Mike Woodson is coaching the New York Knicks, the oldest team in NBA history who, through the first ten games of the season, are 8-2. There are five players 35+ years old, and only one player under the age of 25. This season, Woodson will have to do what Gregg Popovich does with his San Antonio Spurs: always coach with the next game in mind.
In the Knicks’ loss to the Dallas Mavericks, Ronnie Brewer only played 21 minutes, and Marcus Camby (38), Pablo Prigioni (35), and Kurt Thomas (40) did not play. This was the second of back-to-back road games, the first a 20 point victory over the New Orleans Hornets.
New York is looking like one of the best defensive teams in the NBA thus far, but in the second of back-to-back games, the decline in their defense was noticeable. After beating the Spurs 104-100 on 11/15, they took on the Memphis Grizzlies the very next day, and fell 95-105.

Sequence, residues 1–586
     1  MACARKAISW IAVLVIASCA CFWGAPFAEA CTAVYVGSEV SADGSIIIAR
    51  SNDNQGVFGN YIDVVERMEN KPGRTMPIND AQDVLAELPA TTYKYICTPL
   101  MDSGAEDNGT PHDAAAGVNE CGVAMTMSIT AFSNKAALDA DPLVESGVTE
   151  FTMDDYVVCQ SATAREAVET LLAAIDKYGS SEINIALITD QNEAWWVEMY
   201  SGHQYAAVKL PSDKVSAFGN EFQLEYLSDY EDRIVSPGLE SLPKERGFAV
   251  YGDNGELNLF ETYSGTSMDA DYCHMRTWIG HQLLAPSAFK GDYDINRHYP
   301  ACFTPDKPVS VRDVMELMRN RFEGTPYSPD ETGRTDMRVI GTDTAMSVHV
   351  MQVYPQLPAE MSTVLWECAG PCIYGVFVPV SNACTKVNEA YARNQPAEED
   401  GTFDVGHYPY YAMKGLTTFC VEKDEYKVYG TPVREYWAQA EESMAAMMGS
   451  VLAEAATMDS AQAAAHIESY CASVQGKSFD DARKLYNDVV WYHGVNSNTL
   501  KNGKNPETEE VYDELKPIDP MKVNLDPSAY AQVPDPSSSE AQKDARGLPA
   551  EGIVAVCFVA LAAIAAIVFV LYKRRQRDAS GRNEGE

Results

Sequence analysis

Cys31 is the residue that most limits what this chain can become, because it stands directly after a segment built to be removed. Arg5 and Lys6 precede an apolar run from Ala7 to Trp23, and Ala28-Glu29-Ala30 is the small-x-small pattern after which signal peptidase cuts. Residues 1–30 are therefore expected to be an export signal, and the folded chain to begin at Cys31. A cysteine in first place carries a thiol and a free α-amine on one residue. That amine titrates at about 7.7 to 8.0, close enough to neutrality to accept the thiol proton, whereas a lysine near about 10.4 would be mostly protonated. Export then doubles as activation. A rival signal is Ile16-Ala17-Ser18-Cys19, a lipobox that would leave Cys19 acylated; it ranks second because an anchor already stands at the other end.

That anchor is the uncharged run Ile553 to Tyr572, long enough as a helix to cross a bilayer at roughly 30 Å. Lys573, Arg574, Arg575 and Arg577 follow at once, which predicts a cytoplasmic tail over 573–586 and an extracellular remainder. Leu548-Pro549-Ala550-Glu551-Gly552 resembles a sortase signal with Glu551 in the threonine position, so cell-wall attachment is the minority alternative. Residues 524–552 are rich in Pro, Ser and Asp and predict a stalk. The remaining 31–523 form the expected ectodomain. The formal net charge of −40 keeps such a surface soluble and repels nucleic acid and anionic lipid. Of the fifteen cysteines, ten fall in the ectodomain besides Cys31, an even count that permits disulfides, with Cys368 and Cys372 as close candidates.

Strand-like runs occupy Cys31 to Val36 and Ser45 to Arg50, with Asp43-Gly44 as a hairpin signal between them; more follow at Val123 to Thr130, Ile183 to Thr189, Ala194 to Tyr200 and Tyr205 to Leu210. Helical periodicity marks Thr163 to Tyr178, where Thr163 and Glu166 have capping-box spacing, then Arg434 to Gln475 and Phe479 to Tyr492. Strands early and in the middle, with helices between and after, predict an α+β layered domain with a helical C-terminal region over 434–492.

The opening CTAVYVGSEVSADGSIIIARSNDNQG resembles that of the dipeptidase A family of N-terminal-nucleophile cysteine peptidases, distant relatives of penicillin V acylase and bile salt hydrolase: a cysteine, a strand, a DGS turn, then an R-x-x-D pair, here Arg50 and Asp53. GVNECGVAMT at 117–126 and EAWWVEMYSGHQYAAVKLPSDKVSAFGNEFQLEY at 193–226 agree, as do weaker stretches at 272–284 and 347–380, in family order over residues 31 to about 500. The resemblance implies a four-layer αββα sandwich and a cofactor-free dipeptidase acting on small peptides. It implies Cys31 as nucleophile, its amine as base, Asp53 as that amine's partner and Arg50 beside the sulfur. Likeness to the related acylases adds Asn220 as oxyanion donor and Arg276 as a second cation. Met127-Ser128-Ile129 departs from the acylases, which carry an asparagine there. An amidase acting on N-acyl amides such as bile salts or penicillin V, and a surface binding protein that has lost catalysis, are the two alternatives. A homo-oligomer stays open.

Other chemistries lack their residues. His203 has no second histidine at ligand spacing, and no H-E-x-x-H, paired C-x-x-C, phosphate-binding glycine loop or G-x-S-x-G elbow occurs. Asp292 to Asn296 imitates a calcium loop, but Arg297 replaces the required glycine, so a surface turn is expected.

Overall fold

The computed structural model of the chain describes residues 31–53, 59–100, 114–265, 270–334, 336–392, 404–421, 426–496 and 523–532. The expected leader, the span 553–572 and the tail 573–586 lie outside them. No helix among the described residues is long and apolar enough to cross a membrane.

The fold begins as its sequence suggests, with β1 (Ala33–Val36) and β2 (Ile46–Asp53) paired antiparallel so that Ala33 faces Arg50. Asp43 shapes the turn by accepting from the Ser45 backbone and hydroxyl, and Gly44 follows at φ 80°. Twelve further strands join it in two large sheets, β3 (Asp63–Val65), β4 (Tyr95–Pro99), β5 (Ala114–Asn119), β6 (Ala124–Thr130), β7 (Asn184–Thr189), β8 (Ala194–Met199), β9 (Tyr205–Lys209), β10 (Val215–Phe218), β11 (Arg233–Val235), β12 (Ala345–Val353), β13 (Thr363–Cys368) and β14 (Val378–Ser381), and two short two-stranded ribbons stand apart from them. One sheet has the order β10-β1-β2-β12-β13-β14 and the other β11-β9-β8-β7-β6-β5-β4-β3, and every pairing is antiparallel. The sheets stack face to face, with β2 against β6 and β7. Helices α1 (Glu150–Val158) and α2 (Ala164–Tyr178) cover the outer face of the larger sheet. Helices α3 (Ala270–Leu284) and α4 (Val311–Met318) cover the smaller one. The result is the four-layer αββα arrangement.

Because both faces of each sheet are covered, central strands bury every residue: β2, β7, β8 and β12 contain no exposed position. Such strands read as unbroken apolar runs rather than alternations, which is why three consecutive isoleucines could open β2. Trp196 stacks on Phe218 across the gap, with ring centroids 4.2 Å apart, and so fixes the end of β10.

As Carmelo Anthony continues to battle with the lack of calls from road referees, I do have to wonder about how he will hold up over the course of the 82-game season. Against Dallas, the Knicks were making a run in the final minutes after being down the whole game and had a chance to take the lead with less than a minute left. Anthony drove, and was drilled in the face by the Mavericks’ Chris Kaman, but received no call. On the next possession, Anthony took a jumper over Shawn Marion with 4.8 seconds left, but the ball slipped out of his hands and didn’t even hit the rim. The Mavs then hit their foul shots and ran the clock out.
“I can take a punch,” Anthony said in reference to injury concerns over the no call. “I’m alright.”
The Knicks, like every other team in the league, are indeed flawed. How successful they are is just going to be a matter of Woodson’s ability to cover those flaws as the season unwinds.